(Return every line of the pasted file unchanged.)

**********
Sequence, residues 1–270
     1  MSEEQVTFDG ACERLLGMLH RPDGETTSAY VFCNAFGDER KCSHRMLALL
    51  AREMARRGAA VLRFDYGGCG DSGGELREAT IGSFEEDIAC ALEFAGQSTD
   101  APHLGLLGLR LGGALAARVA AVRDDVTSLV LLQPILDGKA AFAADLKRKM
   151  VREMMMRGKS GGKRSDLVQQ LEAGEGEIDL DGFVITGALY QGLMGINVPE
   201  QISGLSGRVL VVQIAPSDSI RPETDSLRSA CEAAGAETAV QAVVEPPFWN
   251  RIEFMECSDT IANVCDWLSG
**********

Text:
Sequence, residues 1–270
     1  MSEEQVTFDG ACERLLGMLH RPDGETTSAY VFCNAFGDER KCSHRMLALL
    51  AREMARRGAA VLRFDYGGCG DSGGELREAT IGSFEEDIAC ALEFAGQSTD
   101  APHLGLLGLR LGGALAARVA AVRDDVTSLV LLQPILDGKA AFAADLKRKM
   151  VREMMMRGKS GGKRSDLVQQ LEAGEGEIDL DGFVITGALY QGLMGINVPE
   201  QISGLSGRVL VVQIAPSDSI RPETDSLRSA CEAAGAETAV QAVVEPPFWN
   251  RIEFMECSDT IANVCDWLSG